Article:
Beginner’s guide to one of the best Vision model — CLIP (Contrastive Language-Image Pre-training)

Anirban Sen
6 min readAug 19, 2023
Photo by Dan Cristian Pădureț on Unsplash

All of us have seen the amazing capabilities of StableDiffusion (and even Dall-E) in Image Generation. There is another model which works in tandem with the models and has relatively stabilised its position in Computer Vision — CLIP (Contrastive Language-Image Pretraining). In Stable Diffusion, the text prompt is encoded using CLIP. In DALL-E, CLIP is used to evaluate the generated images.

What is CLIP?
Contrastive Language-Image Pre-training (CLIP for short) is a open-source, multi-modal (text and images), zero-shot state-of-the-art model introduced by OpenAI in February 2021.

This model performs simple pre-training of predicting which caption goes with which image and vice versa (hence contrastive) on a huge dataset of 400 million (image, text) [ImageNet has 1.2 million training dataset] pairs collected from the internet in an efficient and scalable way is able to perform really well even Zero-shot on various tasks like text classification.

Multi-Modal: Multi-Modal architectures leverage more than one domain to learn a specific task. CLIP combines Natural Language Processing and Computer Vision.

Zero-shot: Zero-shot learning is a way to generalize on unseen labels, without having specifically trained to classify them. For example, all ImageNet models are trained to recognize 1000 specific classes. CLIP is not bound by this limitation.

These image representations are so valuable that they can be used in various tasks like Image classification, Image retrieval, Object detection, Face recognition, Image compression, Image generation, OCR and many more.

How is it better than other models ?

  1. Zero Shot classification — It matches the accuracy of the original ResNet-50 on ImageNet zero-shot without needing to use any of the 1.28 million training examples it was trained on. Across a 27 dataset eval suite, a zero-shot CLIP classifier outperforms a fully supervised linear classifier fitted on ResNet-50 features on 16 datasets, including ImageNet.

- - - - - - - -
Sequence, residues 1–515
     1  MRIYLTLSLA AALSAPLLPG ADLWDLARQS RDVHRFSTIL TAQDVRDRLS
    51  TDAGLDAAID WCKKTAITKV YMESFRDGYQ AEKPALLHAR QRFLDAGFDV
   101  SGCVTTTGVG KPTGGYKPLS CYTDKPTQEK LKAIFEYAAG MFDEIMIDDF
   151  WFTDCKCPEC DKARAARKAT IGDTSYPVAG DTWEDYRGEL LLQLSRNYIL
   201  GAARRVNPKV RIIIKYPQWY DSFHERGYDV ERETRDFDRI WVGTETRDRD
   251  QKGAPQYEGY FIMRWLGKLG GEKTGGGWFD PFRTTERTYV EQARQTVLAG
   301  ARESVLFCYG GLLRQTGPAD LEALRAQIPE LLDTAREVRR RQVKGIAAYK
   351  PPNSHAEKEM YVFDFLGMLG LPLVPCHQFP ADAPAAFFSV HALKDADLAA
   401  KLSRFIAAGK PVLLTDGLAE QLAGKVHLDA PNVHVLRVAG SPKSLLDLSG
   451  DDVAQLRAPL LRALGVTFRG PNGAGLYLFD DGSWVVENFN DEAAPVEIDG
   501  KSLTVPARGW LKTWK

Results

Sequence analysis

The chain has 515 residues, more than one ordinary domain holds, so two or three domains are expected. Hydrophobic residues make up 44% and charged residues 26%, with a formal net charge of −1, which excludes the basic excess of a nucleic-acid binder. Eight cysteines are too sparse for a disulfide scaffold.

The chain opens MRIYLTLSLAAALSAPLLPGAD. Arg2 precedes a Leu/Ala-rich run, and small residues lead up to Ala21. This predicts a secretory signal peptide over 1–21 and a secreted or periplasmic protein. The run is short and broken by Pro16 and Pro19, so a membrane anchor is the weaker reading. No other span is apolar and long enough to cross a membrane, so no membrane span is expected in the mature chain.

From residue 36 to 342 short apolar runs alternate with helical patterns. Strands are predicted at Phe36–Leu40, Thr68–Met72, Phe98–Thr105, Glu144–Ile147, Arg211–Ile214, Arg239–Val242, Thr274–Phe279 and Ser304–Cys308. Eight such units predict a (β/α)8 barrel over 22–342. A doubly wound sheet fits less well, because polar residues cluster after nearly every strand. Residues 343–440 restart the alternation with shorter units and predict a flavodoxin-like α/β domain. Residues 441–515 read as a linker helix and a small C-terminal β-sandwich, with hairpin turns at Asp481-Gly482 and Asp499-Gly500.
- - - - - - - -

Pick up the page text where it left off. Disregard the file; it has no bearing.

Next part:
Zero-shot CLIP is competitive with a fully supervised baseline

2. Robustness to Natural Distribution Shift

Zero-shot CLIP is much more robust to distribution shift than standard ImageNet models

Across these collected datasets, the accuracy of ImageNet models drop well below the expectation set by the ImageNet validation set.

How does it work?
1. Contrastive Pre training —

https://openai.com/research/clip

Given a batch of N (image, text) pairs, CLIP is trained to predict which of the N * N possible (image, text) pairings across a batch actually occurred. To do this, CLIP learns a multi-modal embedding space by jointly training an image encoder and text encoder to maximize the cosine similarity of the image and text embeddings of the N real pairs in the batch while minimizing the cosine similarity of the embeddings of the N^2 — N incorrect pairings. They optimize a symmetric cross entropy loss over these similarity scores.

# Step 1 - Get a batch of n sample images and text
# I[n, h, w, c] - minibatch of aligned images
# T[n, l] - minibatch of aligned texts

# Step 2 - Get backbone models for images and texts
# image_encoder - ResNet or Vision Transformer
# text_encoder - CBOW or Text Transformer

# Step 3 - extract feature representations of each modality with dif dimensions
I_f = image_encoder(I) #[n, d_i]
T_f = text_encoder(T) #[n, d_t]

# Step 4 - Learn joint multimodal embedding [n, d_e]
# W_i[d_i, d_e] - learned proj of image to embed which is learnt during training